Germany will BAN children from school if they have not had vaccination jabs in a bid to wipe out deadly measles
- The German cabinet has approved a draft bill to make the vaccine compulsory
- Children will be turned away from school or nursery without proof of the vaccine
- Parents who refuse to have their children vaccinated could face a fine of £2,250
- Teachers, healthcare workers and refugee shelter staff would also need the jab
- The move responds to growing scepticism of vaccines and more measles cases
Germany will make childhood measles vaccinations mandatory from March 2020, aiming to wipe out the potentially deadly disease, Chancellor Angela Merkel’s cabinet has ruled.
Children will only be admitted to kindergarten or school if they have had the jabs, Health Minister Jens Spahn said on Wednesday.
Vaccinations will also be compulsory for staff in day-care centres, educational institutions, medical facilities and refugee shelters.
German Health Minister Jens Spahn announced a draft bill to make measels vaccination compulsory for all children, teachers, healthcare workers and refugee shelter staff
‘We want to protect as many children as possible from a measles infection,’ said Spahn, who is aiming for at least 95 per cent coverage.
Violations will lead to fines of up to €2,500 (£2,250) under the bill that is expected to pass easily through the Bundestag lower house of parliament.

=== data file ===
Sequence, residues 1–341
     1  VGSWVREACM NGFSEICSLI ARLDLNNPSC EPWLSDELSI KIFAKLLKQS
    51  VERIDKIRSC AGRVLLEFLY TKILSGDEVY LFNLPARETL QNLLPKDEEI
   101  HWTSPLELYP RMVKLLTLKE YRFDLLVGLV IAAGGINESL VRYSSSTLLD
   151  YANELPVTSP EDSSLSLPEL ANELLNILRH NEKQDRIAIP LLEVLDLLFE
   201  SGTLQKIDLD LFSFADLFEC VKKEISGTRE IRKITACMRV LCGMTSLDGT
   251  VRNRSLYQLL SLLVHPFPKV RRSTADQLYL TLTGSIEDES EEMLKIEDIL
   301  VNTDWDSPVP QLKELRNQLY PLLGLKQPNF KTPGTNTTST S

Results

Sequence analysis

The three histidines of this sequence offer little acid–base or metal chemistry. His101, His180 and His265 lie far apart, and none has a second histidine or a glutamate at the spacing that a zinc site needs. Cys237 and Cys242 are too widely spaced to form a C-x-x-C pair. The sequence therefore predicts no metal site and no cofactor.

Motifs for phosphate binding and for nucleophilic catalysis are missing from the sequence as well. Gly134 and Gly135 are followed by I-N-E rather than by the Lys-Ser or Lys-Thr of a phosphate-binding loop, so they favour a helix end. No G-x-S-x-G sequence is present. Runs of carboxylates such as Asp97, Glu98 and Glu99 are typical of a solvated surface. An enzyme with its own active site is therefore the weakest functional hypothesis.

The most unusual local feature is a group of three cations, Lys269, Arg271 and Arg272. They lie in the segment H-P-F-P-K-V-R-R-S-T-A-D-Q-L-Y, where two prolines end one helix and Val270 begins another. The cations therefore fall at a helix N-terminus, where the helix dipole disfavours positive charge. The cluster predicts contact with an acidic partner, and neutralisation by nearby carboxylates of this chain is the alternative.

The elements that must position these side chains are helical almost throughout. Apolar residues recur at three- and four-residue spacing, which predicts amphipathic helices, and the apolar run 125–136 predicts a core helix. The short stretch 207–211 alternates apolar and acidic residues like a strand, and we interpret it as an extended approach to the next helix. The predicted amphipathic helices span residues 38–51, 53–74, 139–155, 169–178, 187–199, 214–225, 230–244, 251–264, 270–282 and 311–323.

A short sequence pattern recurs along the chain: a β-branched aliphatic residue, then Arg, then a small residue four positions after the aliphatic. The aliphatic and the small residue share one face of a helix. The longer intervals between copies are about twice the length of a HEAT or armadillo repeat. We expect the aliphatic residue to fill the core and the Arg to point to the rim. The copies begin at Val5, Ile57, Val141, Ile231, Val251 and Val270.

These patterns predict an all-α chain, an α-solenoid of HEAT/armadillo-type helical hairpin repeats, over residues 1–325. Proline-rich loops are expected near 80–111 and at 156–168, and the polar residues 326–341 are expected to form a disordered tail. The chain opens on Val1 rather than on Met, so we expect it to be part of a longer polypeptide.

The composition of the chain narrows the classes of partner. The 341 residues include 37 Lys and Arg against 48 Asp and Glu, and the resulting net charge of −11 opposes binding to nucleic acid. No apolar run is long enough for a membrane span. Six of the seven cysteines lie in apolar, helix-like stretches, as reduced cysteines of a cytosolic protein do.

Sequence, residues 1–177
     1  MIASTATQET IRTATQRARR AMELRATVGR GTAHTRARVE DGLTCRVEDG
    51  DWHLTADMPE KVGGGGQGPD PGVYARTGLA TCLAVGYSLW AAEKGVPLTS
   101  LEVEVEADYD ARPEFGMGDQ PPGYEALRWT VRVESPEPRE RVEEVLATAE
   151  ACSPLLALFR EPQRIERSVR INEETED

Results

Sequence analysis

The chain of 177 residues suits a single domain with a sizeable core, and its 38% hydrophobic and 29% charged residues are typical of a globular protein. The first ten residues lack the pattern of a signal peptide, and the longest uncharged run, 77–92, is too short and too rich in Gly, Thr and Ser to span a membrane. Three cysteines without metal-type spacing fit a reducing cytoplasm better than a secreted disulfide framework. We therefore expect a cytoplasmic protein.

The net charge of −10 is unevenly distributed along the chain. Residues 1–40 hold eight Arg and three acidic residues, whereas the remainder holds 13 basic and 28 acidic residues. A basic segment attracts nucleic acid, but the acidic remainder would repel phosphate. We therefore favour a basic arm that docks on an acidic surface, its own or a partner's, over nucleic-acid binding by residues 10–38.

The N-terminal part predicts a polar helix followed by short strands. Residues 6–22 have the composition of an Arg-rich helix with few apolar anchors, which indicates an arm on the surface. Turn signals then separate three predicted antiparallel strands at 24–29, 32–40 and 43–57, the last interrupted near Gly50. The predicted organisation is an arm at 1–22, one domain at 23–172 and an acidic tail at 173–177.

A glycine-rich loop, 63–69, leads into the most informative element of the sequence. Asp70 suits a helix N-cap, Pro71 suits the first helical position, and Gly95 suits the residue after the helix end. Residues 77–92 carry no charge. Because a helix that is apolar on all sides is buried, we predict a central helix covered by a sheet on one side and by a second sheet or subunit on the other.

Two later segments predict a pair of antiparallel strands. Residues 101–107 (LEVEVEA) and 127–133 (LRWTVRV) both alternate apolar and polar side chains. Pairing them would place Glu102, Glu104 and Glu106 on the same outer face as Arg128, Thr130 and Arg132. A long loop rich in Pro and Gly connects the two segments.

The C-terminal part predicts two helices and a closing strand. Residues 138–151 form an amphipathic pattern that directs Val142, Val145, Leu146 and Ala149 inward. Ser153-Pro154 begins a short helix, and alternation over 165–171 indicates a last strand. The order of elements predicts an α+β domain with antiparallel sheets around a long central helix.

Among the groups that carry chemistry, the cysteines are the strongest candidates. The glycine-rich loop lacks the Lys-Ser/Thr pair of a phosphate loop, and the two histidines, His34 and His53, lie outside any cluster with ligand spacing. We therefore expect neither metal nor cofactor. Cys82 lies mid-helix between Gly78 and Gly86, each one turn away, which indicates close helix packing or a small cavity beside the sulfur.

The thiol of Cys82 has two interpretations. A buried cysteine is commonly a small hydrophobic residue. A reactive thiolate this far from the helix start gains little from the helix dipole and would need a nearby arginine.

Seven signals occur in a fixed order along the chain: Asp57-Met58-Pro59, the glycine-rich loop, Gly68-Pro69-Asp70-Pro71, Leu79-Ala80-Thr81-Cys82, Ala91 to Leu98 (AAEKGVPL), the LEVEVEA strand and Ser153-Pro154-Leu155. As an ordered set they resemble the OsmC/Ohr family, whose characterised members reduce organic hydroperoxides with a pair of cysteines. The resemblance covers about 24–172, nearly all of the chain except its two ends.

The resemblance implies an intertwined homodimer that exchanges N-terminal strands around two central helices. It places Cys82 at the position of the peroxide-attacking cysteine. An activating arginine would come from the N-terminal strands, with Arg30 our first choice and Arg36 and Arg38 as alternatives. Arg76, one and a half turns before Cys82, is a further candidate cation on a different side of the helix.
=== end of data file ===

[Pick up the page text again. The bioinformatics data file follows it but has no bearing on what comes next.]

Germany’s paediatricians’ association has long demanded mandatory childhood vaccinations against measles and a range of other diseases.
The UN World Health Organization (WHO) has warned that global efforts to increase immunisation coverage against deadly diseases are stagnating.
A child with measles rash on their body (stock photo). The German government want to make vaccination compulsory
Last year, 350,000 cases of measles were reported worldwide, more than double the number for 2017.
And they increased fourfold globally in the first quarter of 2019 compared to the same period last year, according to the WHO.
Germany recorded 543 cases last year, and more than 400 so far this year.
The resurgence of the disease in some countries has been blamed on the so-called ‘anti-vax’ movement, which is largely based on a 1998 publication linking the measles vaccine and autism that has since been debunked.
A measles vaccination is administered during a free measles vaccination clinic in the US city of Pittsburg (file photo)